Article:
I’m practicing saying “God bless you.” Practicing the phrase as a conversational form of the expression, much like the tiny remnant of quotidian religious life that is in the blessing we give someone after a sneeze. The after-a-sneeze blessing shares a borderline with the impulse, still visible in our culture, of knocking on wood when you don’t want what you have just said to become concrete—but is also different from superstition in that you can still hear in it something that attends to the heart, something that attends to a perceived shared humanity. That something, that attending to the heart, that allowing for the perception of a shared humanity—that is what I am practicing.
I leave in 10 days for Romania. I am going to a part of the world where someone, seeing her neighbour for the first time that day, would say, “God bless you.” I will hear children say it to their friend’s mother as they leave to go home for dinner.
And so today, on a day when one friend is opting not to shop for the next 40 days and another will be in the world with ashes on her forehead, I am adopting a new practice. To consider each greeting and parting a cause to invoke the divine.
Once I get to Romania, I will try the practice out loud. I will do it in English. I want my colleagues and neighbours to know I know what I am saying, that I am not mistaking the Hungarian equivalent of this to be the word “hello.”
I will learn if it is said to family members in the morning. I feel confident it is said last thing at night, perhaps even between spouses in the dark.
Some time ago, I made a declaration that I would be more public in the practice of my religion. Kind of like a declaration of a New Year’s resolution.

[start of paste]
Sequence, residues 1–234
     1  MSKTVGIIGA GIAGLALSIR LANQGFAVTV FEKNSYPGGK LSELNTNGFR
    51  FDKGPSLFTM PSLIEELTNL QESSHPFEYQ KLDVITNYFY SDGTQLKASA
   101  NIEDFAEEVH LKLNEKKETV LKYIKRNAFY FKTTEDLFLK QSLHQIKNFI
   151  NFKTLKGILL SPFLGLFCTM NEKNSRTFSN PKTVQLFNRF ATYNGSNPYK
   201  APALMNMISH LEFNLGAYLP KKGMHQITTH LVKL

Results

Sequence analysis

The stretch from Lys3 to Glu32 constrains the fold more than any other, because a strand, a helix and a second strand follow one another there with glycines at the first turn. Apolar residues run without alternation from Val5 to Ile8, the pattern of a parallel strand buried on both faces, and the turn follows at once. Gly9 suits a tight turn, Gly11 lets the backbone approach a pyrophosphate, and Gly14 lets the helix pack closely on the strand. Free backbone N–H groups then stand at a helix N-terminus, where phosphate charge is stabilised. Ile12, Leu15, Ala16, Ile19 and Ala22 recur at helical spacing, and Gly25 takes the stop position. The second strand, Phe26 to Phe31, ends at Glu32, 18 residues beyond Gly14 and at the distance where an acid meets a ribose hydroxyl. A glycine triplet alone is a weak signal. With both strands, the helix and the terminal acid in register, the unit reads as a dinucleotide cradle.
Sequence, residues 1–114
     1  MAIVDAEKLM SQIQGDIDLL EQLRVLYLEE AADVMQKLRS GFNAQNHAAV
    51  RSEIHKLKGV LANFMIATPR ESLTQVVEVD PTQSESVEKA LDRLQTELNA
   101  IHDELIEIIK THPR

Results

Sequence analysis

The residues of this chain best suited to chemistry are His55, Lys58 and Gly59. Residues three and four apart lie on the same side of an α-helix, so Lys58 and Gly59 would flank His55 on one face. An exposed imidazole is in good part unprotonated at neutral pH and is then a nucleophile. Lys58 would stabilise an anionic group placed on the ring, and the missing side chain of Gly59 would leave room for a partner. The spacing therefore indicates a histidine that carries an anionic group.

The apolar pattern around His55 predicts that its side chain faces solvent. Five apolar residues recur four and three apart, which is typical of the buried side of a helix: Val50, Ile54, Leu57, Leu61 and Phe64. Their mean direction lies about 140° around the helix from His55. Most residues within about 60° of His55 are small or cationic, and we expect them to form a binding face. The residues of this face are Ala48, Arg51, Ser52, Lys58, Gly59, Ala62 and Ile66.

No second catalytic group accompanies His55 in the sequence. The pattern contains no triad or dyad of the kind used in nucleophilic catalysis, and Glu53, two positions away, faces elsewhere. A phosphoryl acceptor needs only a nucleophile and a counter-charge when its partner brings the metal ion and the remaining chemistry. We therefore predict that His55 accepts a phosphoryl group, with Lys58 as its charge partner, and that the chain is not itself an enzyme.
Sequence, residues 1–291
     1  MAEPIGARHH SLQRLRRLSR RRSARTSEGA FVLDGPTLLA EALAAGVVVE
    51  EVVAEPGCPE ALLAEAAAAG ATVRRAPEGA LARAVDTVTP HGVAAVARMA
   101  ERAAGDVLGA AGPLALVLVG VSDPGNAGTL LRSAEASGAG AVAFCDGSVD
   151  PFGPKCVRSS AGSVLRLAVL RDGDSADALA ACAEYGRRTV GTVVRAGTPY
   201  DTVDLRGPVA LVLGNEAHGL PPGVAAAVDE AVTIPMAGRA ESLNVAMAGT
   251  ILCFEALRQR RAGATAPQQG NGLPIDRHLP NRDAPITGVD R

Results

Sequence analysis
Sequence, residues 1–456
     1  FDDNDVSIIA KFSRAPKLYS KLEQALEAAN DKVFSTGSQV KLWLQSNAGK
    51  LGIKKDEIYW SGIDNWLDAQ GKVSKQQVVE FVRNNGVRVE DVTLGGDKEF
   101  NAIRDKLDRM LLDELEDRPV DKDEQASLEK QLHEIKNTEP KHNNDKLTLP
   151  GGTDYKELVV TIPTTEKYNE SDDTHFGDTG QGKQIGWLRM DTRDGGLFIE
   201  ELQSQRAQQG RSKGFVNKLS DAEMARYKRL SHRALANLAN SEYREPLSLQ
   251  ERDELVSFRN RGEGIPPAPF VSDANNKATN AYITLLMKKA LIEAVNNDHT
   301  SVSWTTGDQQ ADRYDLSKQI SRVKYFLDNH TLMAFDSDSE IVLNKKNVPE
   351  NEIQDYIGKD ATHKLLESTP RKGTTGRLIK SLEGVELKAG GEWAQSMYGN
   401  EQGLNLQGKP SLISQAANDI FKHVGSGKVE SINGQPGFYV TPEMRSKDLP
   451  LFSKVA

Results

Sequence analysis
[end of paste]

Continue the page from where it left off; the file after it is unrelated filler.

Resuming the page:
Two things make practicing my religion publicly difficult. The first is theological, the second psychosocial.
On the theological front, the problem is my theistic framework. Is this a capital G Judaeo-Christian God, a capital S Shiva lower case g Hindu god, a capital A Muslim Allah, a pantheon of archetypes, or a pantheistic sense of nature?
None. My theistic framework is lower case “a” for atheist.
Being a religious atheist is a tricky social conundrum. My atheism is very important to me. It is, as a theistic framework is for many people, central to my identity. So to come out publicly as someone with a religious practice puts a part of my core identity at risk. Let people know you pray and, sure as shootin’, they think you’re talking to a deity.
As a friend, it can take some getting used to. If, that is, we get to know each other that well.
Because I hide it. Mostly. Partly because of the nature of religious practice. It really doesn’t work to talk about it. It’s really a very, very private thing.
And partly because I’m shy about it.
You need to be brave to be religious in public. Especially these days. These days, say “Al Hamdulilah” when the person in the seat beside you on the plane sneezes and you could end up in detention.
I will be in Romania until June 9. Three months. Time enough to get used to saying “God bless you” as a greeting. As a good bye.
If you’ve read this far, “God bless you.” I meet you here, at the end of this post.
In my leaving, too, I say, “God bless you.” It will be a while before I see you again in person. Where one of us will say “hello” and the other will inhale the air with which it was said.